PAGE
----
Take: Musgrove started off spring training in mid-February with sore right shoulder, which puts the air breaks on his draft value. His best asset is his command. In his first appearance on March 15th, Joe allowed two runs, a hit, and three walks over 2.2 innings with five Ks while still battling some shoulder stiffness. Control WHIP in Roto formats is key to winning, so Musgrove fits that profile perfectly. Fairly priced and the move to the NL can only be a positive. Just make sure to pay close attention to his injury status.

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Matt Harvey, New York Mets

Over the last two seasons, Harvey lost more than two mph off most of his pitches. Batters crushed his four-seam fastball (.330 with 15 HRs allowed over 206 at-bats) and his curveball (.370 BAA). His slider (.228 BAA) and changeup (.241 BAA) still offered an edge, but Matt pitched behind in the count to too many batters. His walk rate (4.6) was well below his elite levels in 2013 (1.6) and 2015 (1.8) while his K rate (6.5) is fading to soft tosser territory. Harvey served up 21 HRs in 92.2 at-bats (2.0 per nine). His troubles were magnified against lefties (.331 with 12 HRs over 172 at-bats). There has been any offseason news giving a Fantasy owner hope if a rebound in 2018. For now, we have to place our decision on his success or failure in spring training. His decline and lost value came on the heels of TJ surgery, and a bum left shoulder last year. His price point is free so a wise gambler might be rewarded with a season of value.

Take: By name value, Harvey isn’t a sleeper. His disaster 2017 season and possible injury crushed his winter draft value. Fantasy owners wanted to see him on the mound in spring training before deciding to invest in him in the high stake’s market. Matt created a slight buzz after his first outing on March 5 (three shutout innings with one Ks, but a poor game in his next start (five runs and seven baserunners over 4.2 innings) led to more head scratching and questions about his 2018 value. On March 15th, Harvey flashed K ability (eight strikeouts over five innings). His direction and his path points to a rebound season. Ace upside with bottom trolling value sets the stage for must buying opportunity. Matt will be a free agent next season, which is plenty of motivation to produce a big year.

Tyler Mahle, Cincinnati Reds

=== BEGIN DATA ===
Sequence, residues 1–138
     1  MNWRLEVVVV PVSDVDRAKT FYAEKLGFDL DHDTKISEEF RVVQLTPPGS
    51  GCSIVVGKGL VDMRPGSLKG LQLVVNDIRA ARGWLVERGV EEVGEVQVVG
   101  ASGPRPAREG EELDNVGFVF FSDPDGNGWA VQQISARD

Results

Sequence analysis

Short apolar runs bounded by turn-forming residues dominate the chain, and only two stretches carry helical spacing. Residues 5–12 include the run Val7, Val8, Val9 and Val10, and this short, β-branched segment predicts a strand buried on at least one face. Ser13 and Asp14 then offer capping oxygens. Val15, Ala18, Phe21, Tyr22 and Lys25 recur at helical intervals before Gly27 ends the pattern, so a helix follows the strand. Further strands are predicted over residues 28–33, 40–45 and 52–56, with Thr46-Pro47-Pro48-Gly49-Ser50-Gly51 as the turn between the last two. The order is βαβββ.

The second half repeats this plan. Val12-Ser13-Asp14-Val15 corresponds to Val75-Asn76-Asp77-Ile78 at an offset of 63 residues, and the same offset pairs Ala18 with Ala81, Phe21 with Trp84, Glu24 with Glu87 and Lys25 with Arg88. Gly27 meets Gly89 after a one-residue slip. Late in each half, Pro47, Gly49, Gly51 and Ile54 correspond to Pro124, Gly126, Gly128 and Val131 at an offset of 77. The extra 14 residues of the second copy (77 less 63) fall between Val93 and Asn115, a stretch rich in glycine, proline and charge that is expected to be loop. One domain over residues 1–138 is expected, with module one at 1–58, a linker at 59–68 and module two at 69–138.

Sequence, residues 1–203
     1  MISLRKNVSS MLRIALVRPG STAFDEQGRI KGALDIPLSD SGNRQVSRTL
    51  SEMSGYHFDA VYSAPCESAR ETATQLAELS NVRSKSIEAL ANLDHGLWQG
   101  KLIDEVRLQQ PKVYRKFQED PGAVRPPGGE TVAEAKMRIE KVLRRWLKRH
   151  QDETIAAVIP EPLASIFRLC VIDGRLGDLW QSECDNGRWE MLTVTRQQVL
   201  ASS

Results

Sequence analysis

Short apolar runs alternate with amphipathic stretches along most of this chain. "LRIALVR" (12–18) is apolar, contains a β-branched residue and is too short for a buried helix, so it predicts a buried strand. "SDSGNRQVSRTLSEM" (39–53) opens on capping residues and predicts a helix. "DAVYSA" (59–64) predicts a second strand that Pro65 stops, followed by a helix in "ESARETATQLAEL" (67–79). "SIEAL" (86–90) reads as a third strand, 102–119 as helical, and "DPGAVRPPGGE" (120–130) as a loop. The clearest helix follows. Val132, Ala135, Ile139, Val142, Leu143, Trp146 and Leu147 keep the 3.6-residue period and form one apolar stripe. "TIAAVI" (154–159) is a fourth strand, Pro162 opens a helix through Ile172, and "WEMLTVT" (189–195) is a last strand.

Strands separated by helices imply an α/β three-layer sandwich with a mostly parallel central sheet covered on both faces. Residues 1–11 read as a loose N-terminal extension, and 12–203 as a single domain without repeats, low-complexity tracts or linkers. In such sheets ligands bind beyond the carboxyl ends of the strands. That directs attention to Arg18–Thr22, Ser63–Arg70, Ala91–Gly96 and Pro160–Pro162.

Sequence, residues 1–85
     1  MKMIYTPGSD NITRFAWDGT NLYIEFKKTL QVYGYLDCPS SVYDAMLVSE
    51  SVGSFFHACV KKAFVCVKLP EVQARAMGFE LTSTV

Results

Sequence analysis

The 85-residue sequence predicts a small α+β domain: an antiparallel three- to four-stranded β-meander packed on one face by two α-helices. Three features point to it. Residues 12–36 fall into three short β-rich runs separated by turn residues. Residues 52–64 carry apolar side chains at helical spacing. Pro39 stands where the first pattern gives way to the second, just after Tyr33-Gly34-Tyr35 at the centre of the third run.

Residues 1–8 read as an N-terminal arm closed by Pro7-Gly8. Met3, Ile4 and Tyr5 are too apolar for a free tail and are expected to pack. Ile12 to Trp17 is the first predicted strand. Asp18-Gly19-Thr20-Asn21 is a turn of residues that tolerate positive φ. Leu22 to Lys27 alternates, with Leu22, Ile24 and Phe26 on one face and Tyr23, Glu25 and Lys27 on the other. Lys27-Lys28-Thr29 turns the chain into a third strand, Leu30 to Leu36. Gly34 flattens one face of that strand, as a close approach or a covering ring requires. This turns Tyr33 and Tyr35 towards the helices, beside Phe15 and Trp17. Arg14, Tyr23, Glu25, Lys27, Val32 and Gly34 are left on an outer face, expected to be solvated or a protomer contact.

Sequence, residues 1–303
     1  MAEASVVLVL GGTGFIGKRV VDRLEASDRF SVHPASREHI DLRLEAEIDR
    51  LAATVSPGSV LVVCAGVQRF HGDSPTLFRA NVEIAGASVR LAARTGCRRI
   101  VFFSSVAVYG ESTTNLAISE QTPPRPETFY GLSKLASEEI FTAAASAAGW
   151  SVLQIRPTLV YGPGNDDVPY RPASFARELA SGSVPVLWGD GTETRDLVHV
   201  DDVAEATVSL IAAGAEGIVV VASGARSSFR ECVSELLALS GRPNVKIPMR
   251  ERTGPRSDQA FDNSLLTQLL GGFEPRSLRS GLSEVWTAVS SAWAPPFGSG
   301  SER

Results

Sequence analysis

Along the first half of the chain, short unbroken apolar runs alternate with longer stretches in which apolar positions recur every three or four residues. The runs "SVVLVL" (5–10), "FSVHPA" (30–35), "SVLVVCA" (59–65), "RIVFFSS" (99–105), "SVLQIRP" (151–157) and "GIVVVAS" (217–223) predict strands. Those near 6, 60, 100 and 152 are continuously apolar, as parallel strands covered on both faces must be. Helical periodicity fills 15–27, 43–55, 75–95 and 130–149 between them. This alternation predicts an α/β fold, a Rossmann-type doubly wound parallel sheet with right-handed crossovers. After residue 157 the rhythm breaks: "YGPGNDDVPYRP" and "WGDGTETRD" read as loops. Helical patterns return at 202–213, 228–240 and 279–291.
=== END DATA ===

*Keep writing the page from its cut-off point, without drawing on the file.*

Over five seasons in the minors, Mahle has a 43-28 record with a 2.85 ERA and 515 Ks over 558 innings. He pitched great at AA (7-3 with a 1.59 ERA and 97 Ks over 85 innings) and AAA (2.73 ERA with 51 Ks over 59.1 innings) earning him a call-up to the majors in 2017. His walk rate (1.9) in the minors was elite with a solid K rate (8.3). With the Reds, Tyler repeated his ERA (2.70) over four starts, but he walked 11 batters over 20 innings (5.0 per nine). His AFB (93.3) is about league average while throwing a slider (.091 BAA) with success over short innings in the majors. His changeup still needs development. Mahle is a fastball pitcher who will have some growing pains in the majors until his secondary stuff becomes more relevant. He should win a starting job out of spring training. I’d set his bar at 3.75 ERA with 150+ with over 175 innings pitched in the majors while understanding his arm has more upside.

Take: The injury to Anthony DeSclafani does open up a job in the starting rotation, which Mahle looks poised to take. Tyler allowed four runs over 14.2 innings this spring with two walks and nine Ks. His arm looks major league ready. With a full season of starts in the majors, Mahle has the talent to make a run at rookie of the year.

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About Shawn Childs 970 Articles
Shawn Childs has been a high stakes Fantasy baseball and football player since 2004 where he had success in his first season (three titles and $25,000 in winnings). In early years of the high stakes market in Fantasy baseball, he was ahead of the curve in player evaluation, draft value, and free agent bidding setting up four top-five finishes in the National Fantasy Baseball Championship. He has four AL-only Auction titles, one NL-only title, and five Main Event titles plus an overall title in 2012 at RTFBC (netted $10,000). This success led to an induction into the NFBC Baseball Hall of Fame. His success in the high stakes market led to a career in providing Fantasy Baseball and Fantasy Football content. On the football side, he’s competed and won in all different formats – auctions, draft championship, main events, and high-dollar leagues. He won 2nd place overall in the 2014 Most Accurate Salary Cap Expert contest at FantasyPros. As a dual-sport player, it was natural to transition to the daily games where he is a “swing for the fences type of guy.” Childs has appeared in one FanDuel NFL Live Final and one DraftKings NFL Live Final, a season-ending tournament which led to a couple of chances to win over $1,000,000.